Cookies, Cookies, Cookies
Cookies are small text files sent to your PC by servers at the websites you visit. They get their name from “magic cookies" in Unix, which are short data communications between two programs where the second program, the one receiving the cookie, may not even be aware of the content of the message.
In a similar way, web browser users are not usually aware of the content of the message in a cookie.
By convention, cookies are only sent from your computer to the domains that set them. An organization like Google or Yahoo, for example, would have many different destinations within their domain. Thus, many locations within the domain could interact with the cookie.
When you visit a website, you may encounter a graphic or other page element that actually isn’t part of the page. Instead, it’s served from a remote server. Your browser, in the act of connecting to that other location, gives that server access to their cookie.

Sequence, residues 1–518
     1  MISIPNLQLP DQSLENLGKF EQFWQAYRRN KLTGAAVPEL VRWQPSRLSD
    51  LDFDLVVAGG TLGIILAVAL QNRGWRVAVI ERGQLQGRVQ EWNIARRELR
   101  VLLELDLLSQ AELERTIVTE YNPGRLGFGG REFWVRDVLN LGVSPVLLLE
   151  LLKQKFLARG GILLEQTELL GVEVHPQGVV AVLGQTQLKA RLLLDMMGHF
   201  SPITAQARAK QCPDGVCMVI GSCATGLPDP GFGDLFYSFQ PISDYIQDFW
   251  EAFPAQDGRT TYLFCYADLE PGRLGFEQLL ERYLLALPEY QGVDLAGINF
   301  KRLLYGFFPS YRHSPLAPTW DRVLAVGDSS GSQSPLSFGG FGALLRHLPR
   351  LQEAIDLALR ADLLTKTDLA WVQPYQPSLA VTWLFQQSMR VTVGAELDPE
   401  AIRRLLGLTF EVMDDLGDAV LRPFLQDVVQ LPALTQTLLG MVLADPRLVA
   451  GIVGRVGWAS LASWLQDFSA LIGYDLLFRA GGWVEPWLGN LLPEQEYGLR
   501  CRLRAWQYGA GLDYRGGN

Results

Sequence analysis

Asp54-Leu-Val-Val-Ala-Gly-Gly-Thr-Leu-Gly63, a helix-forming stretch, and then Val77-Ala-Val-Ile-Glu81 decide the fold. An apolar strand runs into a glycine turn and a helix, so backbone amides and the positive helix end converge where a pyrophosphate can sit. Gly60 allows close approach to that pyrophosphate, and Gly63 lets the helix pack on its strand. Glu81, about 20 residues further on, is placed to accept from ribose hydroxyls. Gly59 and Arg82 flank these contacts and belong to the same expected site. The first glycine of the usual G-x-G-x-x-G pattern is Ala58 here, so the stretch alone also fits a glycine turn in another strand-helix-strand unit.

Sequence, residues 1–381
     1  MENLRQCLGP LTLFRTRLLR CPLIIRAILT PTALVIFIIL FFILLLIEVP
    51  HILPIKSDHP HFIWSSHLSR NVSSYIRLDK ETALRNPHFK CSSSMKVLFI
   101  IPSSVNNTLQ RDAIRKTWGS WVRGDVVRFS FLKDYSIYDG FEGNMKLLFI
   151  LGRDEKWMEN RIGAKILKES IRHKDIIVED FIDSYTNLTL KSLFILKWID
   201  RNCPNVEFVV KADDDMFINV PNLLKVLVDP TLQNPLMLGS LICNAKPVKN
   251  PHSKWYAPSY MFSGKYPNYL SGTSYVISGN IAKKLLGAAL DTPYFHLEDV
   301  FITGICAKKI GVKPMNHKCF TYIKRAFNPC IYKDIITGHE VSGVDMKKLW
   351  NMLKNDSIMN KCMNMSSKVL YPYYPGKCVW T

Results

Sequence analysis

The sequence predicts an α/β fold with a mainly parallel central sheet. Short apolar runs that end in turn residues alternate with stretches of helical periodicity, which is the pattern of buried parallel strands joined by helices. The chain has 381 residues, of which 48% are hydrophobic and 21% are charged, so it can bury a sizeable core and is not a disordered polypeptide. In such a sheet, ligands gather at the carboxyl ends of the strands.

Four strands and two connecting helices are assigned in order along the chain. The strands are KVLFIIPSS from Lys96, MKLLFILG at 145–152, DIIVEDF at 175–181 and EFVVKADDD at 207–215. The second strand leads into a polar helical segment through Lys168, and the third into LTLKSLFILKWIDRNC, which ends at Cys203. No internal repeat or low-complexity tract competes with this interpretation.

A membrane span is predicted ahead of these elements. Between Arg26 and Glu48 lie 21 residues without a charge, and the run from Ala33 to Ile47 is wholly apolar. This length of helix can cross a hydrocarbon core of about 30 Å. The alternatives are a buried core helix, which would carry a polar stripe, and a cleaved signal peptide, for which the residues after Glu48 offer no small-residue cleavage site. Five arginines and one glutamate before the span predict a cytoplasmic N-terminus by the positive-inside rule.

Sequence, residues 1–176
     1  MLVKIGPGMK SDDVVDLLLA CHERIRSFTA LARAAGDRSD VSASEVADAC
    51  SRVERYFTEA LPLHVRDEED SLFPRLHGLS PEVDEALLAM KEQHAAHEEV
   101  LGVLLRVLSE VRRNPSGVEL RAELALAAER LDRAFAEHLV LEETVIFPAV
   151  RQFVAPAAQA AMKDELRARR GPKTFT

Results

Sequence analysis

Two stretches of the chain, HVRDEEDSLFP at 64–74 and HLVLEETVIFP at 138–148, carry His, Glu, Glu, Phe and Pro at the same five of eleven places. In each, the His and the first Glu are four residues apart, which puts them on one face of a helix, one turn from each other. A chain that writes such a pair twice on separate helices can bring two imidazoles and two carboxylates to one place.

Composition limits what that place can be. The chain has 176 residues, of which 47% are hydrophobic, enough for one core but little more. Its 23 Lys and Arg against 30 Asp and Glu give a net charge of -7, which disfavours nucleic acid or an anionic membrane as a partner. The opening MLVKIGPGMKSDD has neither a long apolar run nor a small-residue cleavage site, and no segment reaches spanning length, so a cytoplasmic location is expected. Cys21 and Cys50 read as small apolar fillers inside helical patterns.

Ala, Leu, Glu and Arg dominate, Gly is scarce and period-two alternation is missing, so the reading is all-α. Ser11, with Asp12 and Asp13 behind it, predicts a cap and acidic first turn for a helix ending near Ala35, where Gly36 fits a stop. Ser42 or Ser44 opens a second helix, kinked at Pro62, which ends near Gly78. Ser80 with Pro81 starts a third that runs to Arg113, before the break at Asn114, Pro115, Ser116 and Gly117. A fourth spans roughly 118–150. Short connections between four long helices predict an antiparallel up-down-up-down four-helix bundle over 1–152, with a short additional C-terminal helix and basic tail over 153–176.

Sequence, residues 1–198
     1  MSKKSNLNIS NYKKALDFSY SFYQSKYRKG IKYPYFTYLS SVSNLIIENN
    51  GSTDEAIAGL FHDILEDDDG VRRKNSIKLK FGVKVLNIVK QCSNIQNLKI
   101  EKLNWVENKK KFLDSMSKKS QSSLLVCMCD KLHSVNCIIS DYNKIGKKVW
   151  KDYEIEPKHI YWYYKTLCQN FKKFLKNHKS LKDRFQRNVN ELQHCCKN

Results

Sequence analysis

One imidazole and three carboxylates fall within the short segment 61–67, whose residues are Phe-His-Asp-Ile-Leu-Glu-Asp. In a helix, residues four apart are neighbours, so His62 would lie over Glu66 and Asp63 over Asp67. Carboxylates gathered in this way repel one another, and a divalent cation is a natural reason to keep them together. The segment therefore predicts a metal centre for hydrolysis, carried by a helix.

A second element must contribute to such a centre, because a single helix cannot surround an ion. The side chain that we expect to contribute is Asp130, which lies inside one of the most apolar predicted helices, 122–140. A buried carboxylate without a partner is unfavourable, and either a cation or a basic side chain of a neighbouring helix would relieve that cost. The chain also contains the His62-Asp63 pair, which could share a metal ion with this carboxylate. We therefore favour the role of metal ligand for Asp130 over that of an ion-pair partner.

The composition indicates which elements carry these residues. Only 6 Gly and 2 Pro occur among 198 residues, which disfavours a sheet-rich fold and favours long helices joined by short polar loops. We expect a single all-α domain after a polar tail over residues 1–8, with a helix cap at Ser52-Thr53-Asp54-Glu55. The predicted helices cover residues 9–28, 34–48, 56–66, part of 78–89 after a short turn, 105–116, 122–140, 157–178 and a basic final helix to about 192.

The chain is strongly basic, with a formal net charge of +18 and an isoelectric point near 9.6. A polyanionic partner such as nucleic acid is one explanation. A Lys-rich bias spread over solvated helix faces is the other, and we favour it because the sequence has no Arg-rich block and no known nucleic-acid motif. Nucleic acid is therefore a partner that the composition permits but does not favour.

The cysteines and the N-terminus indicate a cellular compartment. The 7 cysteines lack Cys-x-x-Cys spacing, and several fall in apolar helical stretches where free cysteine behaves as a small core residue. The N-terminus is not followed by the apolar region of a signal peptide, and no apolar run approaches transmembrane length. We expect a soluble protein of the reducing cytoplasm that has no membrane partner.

An advertiser may recognize that cookie, identify you by habit (or name, if you’ve entered your name at some website within their sphere) and then decide what advertising to send to that page. All this happens as the page loads. This type of cookie is called a third-party tracking cookie. Generally, any cookie that does not originate in the domain you’re visiting is a third-party cookie. The advertiser would say that they are targeting ads that will likely appeal to you.
It doesn’t have to be a graphic, video, music link, or anything that you’ll recognize, either. It can be a single pixel in the corner of the page. These are called “web bugs." A web bug may do nothing other than tell the advertiser, “He was here."
Now multiply that by a million websites. A company that also sells ads would have a big incentive to make carrying their ads dependent on also carrying their tracking and targeting applications. This is called analytics.
Let’s look at getting rid of them.